> How driving to work has changed for Sydneysiders

How driving to work has changed for Sydneysiders

At current fuel prices, people in Sydney are paying about $385 more over the year to drive to work than they did in 2019-2020.

Or, to put it another way, the average Sydneysider could have done the commute to and from work for nearly four extra days on a $50 refuel in 2019-20 than they can today.

In NSW, people who commute to work in a car drove, on average, a total of 6000 kilometres each over the 12 months to June 30, 2020, according to the latest Australian Bureau of Statistics figures.

That commute would have cost about $844 over that 12-month period for a passenger vehicle with a post-2015 average fuel economy of 10.4 litres per 100 kilometres and with petrol costing 135.2 cents per litre in NSW in 2019-20.

At Sydney’s average petrol price in mid-July of 196.7 cents per litre, that same commute would now cost $1227, or 45 per cent more than it did two years ago.

And if prices were to rise by the average increase over the past two years, in another 12 months’ time they would reach 233 cents per litre and that commute would cost $1457, or 73 per cent more than the annual cost in 2019-20.

This calculation doesn’t take the halving of the fuel excise in March 2022 into account. The tax, which usually amounts to an additional 44.2 cents per litre of fuel, was halved to 22.1 cents per litre on March 30. However, Australians are expected to go back to paying the full excise on September 28, 2022, which will likely lead to a jump in fuel prices.

The average Sydneysider is paying $430 more per year to drive to work than they were two years ago.

The average Sydneysider is paying $430 more per year to drive to work than they were two years ago.Credit:Eddie Jim

In terms of how far $50 will get you in Sydney, the answer is about 111 fewer kilometres than it did two years ago.

For the average car commuter in Greater Sydney who travels 15.89 kilometres to work (compared to 18.9 kilometres in the rest of NSW), a $50 refill will now get you 15.4 one-way trips to work, compared to 22.4 trips in 2019-20.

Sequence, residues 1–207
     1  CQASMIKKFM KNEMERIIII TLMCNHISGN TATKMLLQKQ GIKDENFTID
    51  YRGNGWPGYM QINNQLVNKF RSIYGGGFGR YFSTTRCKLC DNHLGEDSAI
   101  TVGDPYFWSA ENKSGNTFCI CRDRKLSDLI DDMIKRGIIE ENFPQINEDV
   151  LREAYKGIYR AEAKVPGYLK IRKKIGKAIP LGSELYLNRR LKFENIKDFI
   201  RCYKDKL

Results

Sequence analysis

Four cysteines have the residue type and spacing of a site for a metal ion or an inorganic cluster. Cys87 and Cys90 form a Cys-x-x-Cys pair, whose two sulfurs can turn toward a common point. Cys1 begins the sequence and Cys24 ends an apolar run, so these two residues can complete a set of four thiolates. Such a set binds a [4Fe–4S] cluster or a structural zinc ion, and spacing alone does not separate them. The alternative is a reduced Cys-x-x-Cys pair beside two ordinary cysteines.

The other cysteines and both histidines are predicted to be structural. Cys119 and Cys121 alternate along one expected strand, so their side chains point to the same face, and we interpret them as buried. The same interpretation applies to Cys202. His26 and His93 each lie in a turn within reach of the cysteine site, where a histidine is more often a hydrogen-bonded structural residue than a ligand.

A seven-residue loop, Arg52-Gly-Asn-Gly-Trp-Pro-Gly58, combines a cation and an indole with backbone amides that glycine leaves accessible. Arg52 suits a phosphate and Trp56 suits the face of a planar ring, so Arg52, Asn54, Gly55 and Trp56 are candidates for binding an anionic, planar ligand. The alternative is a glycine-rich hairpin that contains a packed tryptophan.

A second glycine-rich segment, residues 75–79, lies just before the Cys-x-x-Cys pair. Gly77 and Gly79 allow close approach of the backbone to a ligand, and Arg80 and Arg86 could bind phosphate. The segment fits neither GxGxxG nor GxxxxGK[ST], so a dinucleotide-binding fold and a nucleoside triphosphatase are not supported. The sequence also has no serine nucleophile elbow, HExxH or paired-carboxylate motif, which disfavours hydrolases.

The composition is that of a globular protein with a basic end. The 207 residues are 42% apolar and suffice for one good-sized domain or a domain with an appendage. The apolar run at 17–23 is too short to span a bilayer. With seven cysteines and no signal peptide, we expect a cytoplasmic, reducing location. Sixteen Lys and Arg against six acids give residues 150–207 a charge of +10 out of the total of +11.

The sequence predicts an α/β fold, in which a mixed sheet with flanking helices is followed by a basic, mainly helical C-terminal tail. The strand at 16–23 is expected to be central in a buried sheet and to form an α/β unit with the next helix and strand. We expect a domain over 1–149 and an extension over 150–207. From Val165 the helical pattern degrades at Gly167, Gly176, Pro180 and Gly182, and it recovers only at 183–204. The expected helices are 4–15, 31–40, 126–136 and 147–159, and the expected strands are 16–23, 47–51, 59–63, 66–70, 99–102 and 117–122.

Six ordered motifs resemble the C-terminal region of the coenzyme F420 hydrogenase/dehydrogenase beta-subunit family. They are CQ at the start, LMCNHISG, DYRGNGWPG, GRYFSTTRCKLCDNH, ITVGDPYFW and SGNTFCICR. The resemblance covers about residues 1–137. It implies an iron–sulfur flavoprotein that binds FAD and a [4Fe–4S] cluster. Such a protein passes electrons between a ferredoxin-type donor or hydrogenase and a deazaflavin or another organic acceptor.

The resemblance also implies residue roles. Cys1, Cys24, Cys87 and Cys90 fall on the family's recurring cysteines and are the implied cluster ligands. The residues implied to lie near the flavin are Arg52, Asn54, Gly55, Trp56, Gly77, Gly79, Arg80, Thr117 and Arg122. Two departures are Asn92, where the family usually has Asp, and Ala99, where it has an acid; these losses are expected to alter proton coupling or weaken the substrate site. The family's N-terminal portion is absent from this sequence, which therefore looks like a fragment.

That means about 7 fewer one-way trips to work or 3.5 fewer days of doing the round-trip.

And if prices reached 233 cents per litre in 2023, $50 would get you 13 one-way trips to work, more than nine fewer trips than it got you in 2019-20.

NRMA spokesman Peter Khoury said fuel prices were at the highest on record in Sydney on June 15 (about 219 cents per litre) and have been falling since.

He said prices were expected to get to about 180 cents per litre in the coming weeks, but extreme volatility in prices would continue as a result of a variety of global factors including inflationary pressures, Russia’s invasion of Ukraine and ongoing COVID-19 lockdowns in China.

“In all the years the NRMA has been monitoring fuel prices, we’ve never seen anything like this,” he said.

“Even during the global financial crisis oil prices were more stable than this.”

Khoury said the volatility was an unfortunate reality for families who “don’t have a choice” when it comes to filling up the car.

The average distance driven by the average person each year in NSW has fallen only slightly in the past 10 years, from 6700 kilometres in 2009-2010 to 6000 kilometres in 2019-2020, ABS figures show, even as fuel prices have skyrocketed from 117 cents per litre to over 204 cents.

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